Urban Policy vs. Municipal Policy
The distinction between urban policy and municipal policy is sometimes made when considering the constitutional limitations on central governments.
Although there does not exist a settled definition of either term, urban policy is generally considered a more expansive and comprehensive than municipal policy.
In Section 92 (8) of the Constitution of Canada, the authority to make laws relating to “Municipal Institutions in the Province” is placed under the exclusive jurisdiction of provincial legislatures. In Canada, therefore, the term municipal policy is usually used to refer to provincial laws and regulations that govern municipal institutions, or to the bylaws and regulations made by those institutions. See Local Government and Provincial Controls over Local Government.
The term urban policy is used more expansively and is less related to legislative jurisdictions. The term can be used to describe a multidisciplinary an academic field, as illustrated in the following course descriptions.
Toronto MPP, PPG2017 Urban Policy – The goal of this course is to unravel the various policy challenges and possibilities created by our increasingly urban world. Cities are fundamental features of contemporary civilization. More and more, issues of good governance, citizenship, economic growth, social equity, and environmental sustainability are being confronted by municipalities and city regions, not states. This course provides an overview of some of the major policy debates surrounding this new urban reality.
NYU Wagner, PhD in Public Administration, Urban Policy PhD – This field prepares students to undertake research related to urban areas. Fundamentally, cities are about proximity and heterogeneity, which bring both benefits and costs. Bringing large numbers of diverse people together in small spaces means opportunities for exciting and productive interaction on the one hand, but also greater possibilities for conflict, contagion, and congestion on the other. Students in this field will gain a solid understanding of these benefits and costs and how they are related. … The field is divided into two main parts. The first – cities and urban government – provides a foundation in urban growth and development, government, and public finance. … The second part focuses on specific policy areas. We include a broad array of issues, such as racial segregation, infrastructure, transportation, high housing costs, homelessness, crime, health problems, education, economic development, and poverty. The areas are tied together by their focus on the spatial aspects of these problems and the policies directed at them. … Mastery of these areas requires some knowledge of contributions from a variety of disciplines, including political science, economics, and sociology.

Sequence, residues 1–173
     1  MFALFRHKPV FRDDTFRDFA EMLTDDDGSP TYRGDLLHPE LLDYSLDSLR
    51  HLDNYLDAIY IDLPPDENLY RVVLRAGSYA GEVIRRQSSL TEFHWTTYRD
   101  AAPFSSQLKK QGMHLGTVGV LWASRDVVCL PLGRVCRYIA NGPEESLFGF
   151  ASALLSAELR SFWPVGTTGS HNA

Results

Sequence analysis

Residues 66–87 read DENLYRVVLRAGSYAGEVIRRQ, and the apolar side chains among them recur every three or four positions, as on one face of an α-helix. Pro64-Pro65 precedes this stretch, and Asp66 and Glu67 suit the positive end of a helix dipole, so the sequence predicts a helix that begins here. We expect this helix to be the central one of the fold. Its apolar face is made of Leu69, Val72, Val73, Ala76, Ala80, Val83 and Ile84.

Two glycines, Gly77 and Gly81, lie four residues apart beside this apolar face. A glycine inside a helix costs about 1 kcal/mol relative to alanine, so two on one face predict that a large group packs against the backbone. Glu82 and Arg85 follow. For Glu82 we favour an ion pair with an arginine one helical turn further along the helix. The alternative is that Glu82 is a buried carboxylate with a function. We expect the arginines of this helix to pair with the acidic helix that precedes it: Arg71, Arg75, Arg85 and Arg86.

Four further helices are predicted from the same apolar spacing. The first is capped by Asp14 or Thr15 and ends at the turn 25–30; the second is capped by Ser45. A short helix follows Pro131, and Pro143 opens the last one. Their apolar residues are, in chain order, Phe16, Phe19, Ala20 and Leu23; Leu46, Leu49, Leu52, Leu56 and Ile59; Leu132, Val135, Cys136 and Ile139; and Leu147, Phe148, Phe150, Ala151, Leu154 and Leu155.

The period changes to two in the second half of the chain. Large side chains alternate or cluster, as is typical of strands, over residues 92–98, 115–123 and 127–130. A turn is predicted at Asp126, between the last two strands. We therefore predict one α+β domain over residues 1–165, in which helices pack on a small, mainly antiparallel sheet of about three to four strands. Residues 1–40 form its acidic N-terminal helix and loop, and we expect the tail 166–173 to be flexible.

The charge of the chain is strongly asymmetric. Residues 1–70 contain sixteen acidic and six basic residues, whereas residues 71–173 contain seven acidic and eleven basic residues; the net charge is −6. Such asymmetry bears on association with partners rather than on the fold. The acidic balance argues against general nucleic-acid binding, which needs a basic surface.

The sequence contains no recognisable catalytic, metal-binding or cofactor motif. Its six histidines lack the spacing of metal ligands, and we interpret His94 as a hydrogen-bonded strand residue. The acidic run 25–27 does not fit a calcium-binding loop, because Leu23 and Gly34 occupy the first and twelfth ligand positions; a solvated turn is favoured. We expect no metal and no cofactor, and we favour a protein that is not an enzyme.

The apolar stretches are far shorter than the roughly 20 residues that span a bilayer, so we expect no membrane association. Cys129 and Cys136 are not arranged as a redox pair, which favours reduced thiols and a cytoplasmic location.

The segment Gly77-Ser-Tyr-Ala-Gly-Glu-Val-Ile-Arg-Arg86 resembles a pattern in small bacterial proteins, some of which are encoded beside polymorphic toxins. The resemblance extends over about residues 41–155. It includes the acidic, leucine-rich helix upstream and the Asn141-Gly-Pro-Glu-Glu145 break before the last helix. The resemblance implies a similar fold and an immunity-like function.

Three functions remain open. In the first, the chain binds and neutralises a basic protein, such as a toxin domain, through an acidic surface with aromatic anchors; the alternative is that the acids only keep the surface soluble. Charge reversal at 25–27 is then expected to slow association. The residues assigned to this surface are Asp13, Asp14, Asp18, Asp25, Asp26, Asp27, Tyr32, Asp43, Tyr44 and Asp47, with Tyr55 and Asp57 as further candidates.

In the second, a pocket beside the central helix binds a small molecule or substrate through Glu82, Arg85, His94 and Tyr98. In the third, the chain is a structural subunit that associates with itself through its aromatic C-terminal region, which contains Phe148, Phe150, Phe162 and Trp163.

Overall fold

Advocates for stronger roles for the central governments, or for better coordination among governments to address issues in cities draw on urban policy arguments. See, for example, Multilevel Governance in Cities and Project-based vs. Program-based Federal Involvement in Urban Affairs.
Atlas topic, subject, and course
University websites http://publicpolicy.utoronto.ca/ppg2017h-topics-in-public-policy-urban-policy/ and https://wagner.nyu.edu/education/degrees/doctorate-public-administration/fields/urban#, accessed 21 May 2018.
Page created by: Ian Clark, last modified 21 May 2018.
Image: Johns Hopkins University HUB, at https://hub.jhu.edu/2017/01/25/21st-century-cities-grants-event/, accessed 21 May 2018.